My Kind of Place: Bordeaux, France
What a difference a man can make to a city’s fortunes. Before Alain Juppé became the mayor of Bordeaux in 1995, this stately French city on the River Garonne was looking distinctly tired and dull – a place to fly to before heading off to more picturesque neighbours such as St-Émilion or the nearby Atlantic Coast. But a massive clean-up and a new electric tram system – not to mention a complete redevelopment of its previously forlorn waterfront – have transformed Bordeaux and given it a buzz that it badly needed.
Its 18th-century squares and streets hum with bars, cafes and restaurants – particularly in the “Golden Triangle” formed by Place St-Pierre, Place du Parlement and Place Camille Jullian. The revamped riverside includes the rejuvenated Bassins à Flot district. Its latest eye-catching addition is La Cité du Vin (www.laciteduvin.com), a new multimedia museum that has more than a hint of Bilbao’s Guggenheim about it.
Bordeaux’s restaurant scene is one of the most inventive in France, thanks to the efforts of the so-called Bordeaux bistro brat pack – and that’s not even including the newest restaurant, Brasserie Le Bordeaux by British bad boy Gordon Ramsay at the InterContinental Grand Hotel.
A comfortable bed
La Grande Maison (www.lagrandemaison-bordeaux.com) is about a 20-minute walk from the centre, but this five-star hotel makes you feel as if you’re in the countryside. This handsome 19th-century house has only six rooms, each done up in unashamedly sumptuous silks, gilt and marble. Its two-Michelin-starred restaurant was founded by Joël Robuchon and is now run by Pierre Gagnaire. Double rooms cost from €392 (Dh1,610).
There’s a fantastic eclecticism going on at the new five-star Yndo Hotel (www.yndohotelbordeaux.fr). In contrast to the hotel’s historic exterior, the rooms have cutting-edge modern style in which comfort, for once, hasn’t been sacrificed. There’s also an elegant courtyard garden and a terrace for lazy breakfasts. Doubles cost from €320 (Dh1,314).
You’re right in the heart of the city at the four-star Le Boutique Hotel (www.hotelbordeauxcentre.com). Its chic rooms have stylish contemporary decor within a venerable 18th-century townhouse. There are also some spacious apartments to rent, while the hotel’s courtyard bar does excellent tapas. Doubles cost from €237 (Dh973).
Find your feet
Bordeaux’s main sights are along the west bank of the Garonne. While the tram is useful for going to Bassins à Flot, the city centre is pleasantly walkable. Start in the Place de la Comédie, flanked by the grand Opera House and even grander Grand Hotel, which is just south of the tourist office (www.bordeaux-tourisme.com). From here, you can plunge into the surrounding narrow streets that make up the Golden Triangle and the dizzying number of shops, bars, cafes and restaurants found within.
Meet the locals
Join the Bordelais during happy hour in Le Vintage Bar (www.vintage-bar.fr) or L’Amirale (www.lamiralebiere.fr), both on Rue St-James. L’Alchimiste (www.lalchimistebordeaux.com) on Rue Parlement St-Pierre is the spot for mingling later in the evening. Cross the Garonne to Darwin (www.darwin.camp), one of Bordeaux’s newest, funkiest regenerated areas. These former military barracks now host a bistro, food shops, arts venues, workspaces and a giant skate park, with everything designed in just the right shade of shabby chic.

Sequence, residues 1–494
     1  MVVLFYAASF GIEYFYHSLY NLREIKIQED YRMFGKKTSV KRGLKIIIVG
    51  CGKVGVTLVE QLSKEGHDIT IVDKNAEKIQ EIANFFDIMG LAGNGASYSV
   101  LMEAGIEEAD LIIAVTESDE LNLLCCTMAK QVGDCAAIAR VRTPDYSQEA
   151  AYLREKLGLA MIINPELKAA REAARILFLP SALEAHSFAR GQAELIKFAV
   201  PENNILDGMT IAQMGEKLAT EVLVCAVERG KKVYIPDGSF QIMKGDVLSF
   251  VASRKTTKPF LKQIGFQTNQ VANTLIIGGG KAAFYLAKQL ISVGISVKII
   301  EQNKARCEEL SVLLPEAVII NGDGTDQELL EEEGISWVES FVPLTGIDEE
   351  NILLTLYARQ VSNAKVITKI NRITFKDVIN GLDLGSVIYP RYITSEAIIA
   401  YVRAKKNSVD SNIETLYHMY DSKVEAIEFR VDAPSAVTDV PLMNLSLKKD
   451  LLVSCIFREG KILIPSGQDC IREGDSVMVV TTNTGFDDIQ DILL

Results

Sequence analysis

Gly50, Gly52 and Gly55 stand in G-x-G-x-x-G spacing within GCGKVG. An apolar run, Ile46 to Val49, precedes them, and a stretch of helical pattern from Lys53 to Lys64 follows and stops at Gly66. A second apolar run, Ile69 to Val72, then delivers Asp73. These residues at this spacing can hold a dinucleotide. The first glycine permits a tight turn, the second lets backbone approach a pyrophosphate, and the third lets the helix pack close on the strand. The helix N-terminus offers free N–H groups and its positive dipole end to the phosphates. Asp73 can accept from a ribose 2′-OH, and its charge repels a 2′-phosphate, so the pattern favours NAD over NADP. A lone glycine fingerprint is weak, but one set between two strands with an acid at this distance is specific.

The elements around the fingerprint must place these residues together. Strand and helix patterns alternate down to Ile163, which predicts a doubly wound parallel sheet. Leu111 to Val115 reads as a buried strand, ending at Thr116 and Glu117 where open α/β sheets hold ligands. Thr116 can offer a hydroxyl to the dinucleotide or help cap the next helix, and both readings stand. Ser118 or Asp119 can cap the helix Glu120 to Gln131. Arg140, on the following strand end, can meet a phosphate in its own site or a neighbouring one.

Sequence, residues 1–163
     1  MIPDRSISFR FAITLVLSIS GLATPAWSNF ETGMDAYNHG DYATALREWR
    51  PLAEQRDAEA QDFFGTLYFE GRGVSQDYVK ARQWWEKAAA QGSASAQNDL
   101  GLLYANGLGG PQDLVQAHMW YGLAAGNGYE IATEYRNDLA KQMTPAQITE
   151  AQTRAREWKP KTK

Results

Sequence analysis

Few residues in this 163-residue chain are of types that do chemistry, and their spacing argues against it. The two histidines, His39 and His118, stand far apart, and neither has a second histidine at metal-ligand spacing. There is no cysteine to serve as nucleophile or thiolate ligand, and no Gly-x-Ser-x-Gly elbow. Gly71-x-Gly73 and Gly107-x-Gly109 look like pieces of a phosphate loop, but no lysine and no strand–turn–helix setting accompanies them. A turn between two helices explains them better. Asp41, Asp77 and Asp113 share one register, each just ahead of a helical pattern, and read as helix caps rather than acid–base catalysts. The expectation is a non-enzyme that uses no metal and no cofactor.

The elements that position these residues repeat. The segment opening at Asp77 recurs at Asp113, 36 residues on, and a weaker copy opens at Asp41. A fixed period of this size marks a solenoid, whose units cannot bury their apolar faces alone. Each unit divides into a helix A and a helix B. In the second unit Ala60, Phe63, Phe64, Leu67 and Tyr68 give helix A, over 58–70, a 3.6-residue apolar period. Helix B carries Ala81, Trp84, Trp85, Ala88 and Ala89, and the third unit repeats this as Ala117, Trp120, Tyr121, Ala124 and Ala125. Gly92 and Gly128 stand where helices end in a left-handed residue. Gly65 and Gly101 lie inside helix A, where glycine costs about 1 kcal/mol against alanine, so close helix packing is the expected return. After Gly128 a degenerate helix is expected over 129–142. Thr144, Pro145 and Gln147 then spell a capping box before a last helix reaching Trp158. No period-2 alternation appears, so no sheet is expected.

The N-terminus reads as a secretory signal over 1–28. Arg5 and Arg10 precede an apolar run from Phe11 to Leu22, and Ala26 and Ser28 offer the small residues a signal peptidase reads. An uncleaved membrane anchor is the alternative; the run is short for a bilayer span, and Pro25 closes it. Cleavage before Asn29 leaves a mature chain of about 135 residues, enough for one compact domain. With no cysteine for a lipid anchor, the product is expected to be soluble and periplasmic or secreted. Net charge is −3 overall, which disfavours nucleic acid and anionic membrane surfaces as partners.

Book a table
Watch the chefs at work in the open kitchen of innovative restaurant Côté Rue (www.cote-rue-bordeaux.fr). The sole menu (€49 [Dh201]) changes regularly and extends to five courses, plus various nibbles. Expertly crafted dishes could include delicately steamed cod with oysters.
Chef Ludovic Le Goardet occasionally likes to let his Breton roots creep into his “bistronomic” menu at Glouton (www.gloutonlebistrot.com), which changes every two weeks. The €38 (Dh156) three-course menu could include lightly battered gambas with tarragon or plump tournedos of pollack.
Grab a table in the intimate courtyard of laid-back Potato Head (www.potatoheadbordeaux.com) for hearty bistro fare. Lunch is a good time to try their daily specials, which could include slow-cooked beef cheeks (€13 [Dh53]).
You’re bound to find something appealing along Rue St-Catherine off the Place de la Comédie: it lays claim to being the longest pedestrianised shopping street in Europe, stretching for 1.2 kilometres. For a relaxed vibe, head to the Quai des Marques along the riverside, south of Bassins à Flot. Along this wonderfully open promenade are major European brands tucked in among cafes, bike-hire shops and ice-cream outlets.
What to avoid
Taking a car in the city centre is more hassle than it’s worth. Parking isn’t cheap and traffic can be horrendous.
Head to the riverside Place de la Bourse once the sun goes down to see the graceful semicircle of 18th-century buildings reflected in the Miroir d’Eau on the other side of the tramlines. This flat expanse of water shimmers by the light of the street lamps and it’s a night-time picnic spot for students. For fabulous views of Bordeaux, have a sundowner at the InterContinental Grand Hotel’s rooftop bar Night Beach.
Turkish Airlines (www.turkishairlines.com) flies from Abu Dhabi and Dubai to Bordeaux via Istanbul, from Dh2,400 return, including taxes. Next year, a new fast train (www.voyages-sncf.com) from Paris to Bordeaux will halve the current journey time of four hours.
Updated: August 31, 2016 04:00 AM